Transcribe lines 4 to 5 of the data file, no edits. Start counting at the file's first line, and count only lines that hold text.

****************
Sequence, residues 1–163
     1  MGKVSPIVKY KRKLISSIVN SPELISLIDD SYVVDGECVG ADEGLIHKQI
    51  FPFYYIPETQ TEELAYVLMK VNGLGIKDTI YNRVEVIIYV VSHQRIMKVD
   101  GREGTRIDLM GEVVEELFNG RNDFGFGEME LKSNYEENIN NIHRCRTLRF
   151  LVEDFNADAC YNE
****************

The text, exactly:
   101  GREGTRIDLM GEVVEELFNG RNDFGFGEME LKSNYEENIN NIHRCRTLRF
   151  LVEDFNADAC YNE